There in her azure coif, and

Reasonings of this kind are supported by the greatest names, and countenanced by the authentic reports of the best informed travellers. Mr. Bradley attributes the cold winds and wet weather, which sometimes happen in May and June, to the solution of ice islands accidentally detached and floating from the north. Mr. Barham, about the year 1718, in his voyage from Jamaica to England, in the beginning of June, met with some of those islands, which were involved in such a fog that the ship was in danger of striking against them. One of them measured sixty miles in length.

On the 22d of December, 1789, there was an instance of ice islands having been wafted from the southern polar regions. It was on these islands that the Guardian struck, at the commencement of her passage from the Cape of Good Hope towards Botany Bay. These islands were wrapt in darkness, about one hundred and fifty fathoms long, and above fifty fathoms above the surface of the waves. In the process of solution, a fragment from the summit of one of them broke off, and plunging into the sea, caused a tremendous commotion in the water, and dense smoke all around it.

These facts were strongly urged upon public attention in the autumn of 1817,” as grounds of not only curious and interesting, but likewise of highly important speculation. A supposed change in the temper, and the very character of , our seasons, was deemed to have fallen within the observation of even young men, or at least middle-aged men; and upon this supposition, it was not deemed extravagant to anticipate the combined force of the naval world employed in navigating the immense masses of ice into the more southern oceans ; while to render the notion more agreeable, and to enliven the minds of such as might think such matters of speculation dull or uninteresting, the project was laid before them in a versified garb, characterising the arctic regions.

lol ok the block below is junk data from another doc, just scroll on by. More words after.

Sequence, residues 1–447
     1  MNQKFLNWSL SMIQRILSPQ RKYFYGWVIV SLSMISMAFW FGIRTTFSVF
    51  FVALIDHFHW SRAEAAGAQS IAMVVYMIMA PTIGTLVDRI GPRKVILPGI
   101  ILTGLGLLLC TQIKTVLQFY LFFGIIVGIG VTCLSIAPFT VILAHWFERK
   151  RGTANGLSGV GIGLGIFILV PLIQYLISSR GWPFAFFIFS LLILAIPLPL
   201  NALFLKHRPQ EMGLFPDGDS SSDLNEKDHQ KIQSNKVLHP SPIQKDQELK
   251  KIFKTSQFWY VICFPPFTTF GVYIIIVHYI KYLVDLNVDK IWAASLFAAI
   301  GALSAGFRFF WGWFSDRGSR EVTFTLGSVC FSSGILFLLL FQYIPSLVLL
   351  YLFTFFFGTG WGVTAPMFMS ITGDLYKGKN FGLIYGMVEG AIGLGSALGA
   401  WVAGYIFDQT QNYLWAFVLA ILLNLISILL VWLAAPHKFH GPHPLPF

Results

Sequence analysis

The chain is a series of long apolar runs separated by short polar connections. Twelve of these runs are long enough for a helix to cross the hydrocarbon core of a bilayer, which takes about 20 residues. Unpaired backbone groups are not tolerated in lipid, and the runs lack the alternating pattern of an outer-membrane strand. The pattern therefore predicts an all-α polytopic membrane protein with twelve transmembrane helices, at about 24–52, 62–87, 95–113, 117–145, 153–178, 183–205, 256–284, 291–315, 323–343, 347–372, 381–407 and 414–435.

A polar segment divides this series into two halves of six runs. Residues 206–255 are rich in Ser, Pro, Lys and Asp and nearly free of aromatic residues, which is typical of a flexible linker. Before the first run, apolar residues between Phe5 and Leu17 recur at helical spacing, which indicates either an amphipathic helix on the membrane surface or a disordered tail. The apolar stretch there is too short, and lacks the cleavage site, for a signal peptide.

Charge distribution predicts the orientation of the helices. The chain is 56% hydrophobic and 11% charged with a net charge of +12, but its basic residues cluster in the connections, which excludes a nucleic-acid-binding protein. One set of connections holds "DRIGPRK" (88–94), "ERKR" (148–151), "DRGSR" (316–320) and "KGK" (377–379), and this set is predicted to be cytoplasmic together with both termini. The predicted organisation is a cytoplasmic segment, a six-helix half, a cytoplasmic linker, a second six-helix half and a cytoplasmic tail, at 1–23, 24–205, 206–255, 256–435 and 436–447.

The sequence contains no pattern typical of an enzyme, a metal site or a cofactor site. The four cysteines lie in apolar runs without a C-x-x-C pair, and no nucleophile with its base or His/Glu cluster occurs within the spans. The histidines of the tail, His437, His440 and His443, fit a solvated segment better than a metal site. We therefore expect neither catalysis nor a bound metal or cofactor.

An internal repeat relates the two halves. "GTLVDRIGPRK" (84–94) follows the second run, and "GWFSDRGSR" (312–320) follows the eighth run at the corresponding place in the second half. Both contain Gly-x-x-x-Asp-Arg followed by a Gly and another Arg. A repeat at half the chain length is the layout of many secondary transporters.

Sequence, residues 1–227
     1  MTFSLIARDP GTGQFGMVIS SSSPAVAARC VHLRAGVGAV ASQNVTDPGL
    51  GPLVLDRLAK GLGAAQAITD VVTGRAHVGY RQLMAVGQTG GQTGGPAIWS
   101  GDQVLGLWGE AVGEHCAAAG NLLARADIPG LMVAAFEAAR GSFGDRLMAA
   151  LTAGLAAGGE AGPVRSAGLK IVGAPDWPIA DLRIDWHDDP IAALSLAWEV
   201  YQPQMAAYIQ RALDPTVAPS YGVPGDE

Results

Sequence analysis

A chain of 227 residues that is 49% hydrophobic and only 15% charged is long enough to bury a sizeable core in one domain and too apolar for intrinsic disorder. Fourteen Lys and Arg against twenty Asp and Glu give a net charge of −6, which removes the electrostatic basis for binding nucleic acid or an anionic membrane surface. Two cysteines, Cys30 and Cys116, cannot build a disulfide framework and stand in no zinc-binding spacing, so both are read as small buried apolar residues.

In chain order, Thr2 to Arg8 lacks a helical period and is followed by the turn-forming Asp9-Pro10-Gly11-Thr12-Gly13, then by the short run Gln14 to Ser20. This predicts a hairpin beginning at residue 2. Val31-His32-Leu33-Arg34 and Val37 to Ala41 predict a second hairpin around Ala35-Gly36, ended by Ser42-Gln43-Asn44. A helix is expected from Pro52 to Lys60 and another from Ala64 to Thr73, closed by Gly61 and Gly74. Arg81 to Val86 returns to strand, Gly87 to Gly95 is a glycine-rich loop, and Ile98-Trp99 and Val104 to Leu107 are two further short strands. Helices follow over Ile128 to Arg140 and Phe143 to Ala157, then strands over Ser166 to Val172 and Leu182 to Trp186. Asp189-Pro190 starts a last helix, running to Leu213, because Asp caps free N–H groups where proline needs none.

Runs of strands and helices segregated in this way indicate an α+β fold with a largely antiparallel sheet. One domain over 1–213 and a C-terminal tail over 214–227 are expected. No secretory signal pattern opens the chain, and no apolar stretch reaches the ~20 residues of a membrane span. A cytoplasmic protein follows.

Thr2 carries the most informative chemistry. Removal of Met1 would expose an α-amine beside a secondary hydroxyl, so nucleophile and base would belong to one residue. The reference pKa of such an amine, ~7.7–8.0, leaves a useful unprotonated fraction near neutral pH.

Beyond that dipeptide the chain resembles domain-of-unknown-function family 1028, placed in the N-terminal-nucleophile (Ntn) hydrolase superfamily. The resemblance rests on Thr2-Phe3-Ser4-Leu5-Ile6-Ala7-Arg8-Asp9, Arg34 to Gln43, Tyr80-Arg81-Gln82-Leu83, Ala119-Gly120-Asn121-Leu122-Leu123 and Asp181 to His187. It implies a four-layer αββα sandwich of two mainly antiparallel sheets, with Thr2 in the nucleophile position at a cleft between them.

starry stole,

Grey Twilight sits, and rules the slumbering pole; "
Bends the pale moon-beams round the sparkling coast,
And strews, with livid hands, eternal frost
There, Nymphs! alight, array your dazzling powers,
With sudden march alarm the torpid hours;
On ice-built isles expand a thousand sails,
Hinge the strong helm, and catch the frozen gales;
The winged rocks to feverish climates guide,
Where fainting zephyrs pant upon the tide;

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Pass where to Ceuta Calpe's thunder roars,
And answering echoes shake the kindred shores;
Pass where with palmy plumes Canary smiles,
And in her silver girdle binds her isles;
Onward, where Niger's dusky Naiad laves
A thousand kingdoms with prolific waves,
Or leads o'er golden sands her threefold train
In steamy channels to the fervid main,
While swarthy nations crowd the sultry coast,
Drink the fresh breeze, and hail the floating frost;
Nymphs' veil'd in mist, the melting treasures steer,
And cool with artic snows the tropic year.
So from the burning line, by monsoons driv'n,
Clouds sail in squadrons o'er the darken'd heav'n;
Wide wastes of sand the gelid gales pervade,
And ocean cools beneath the moving shade,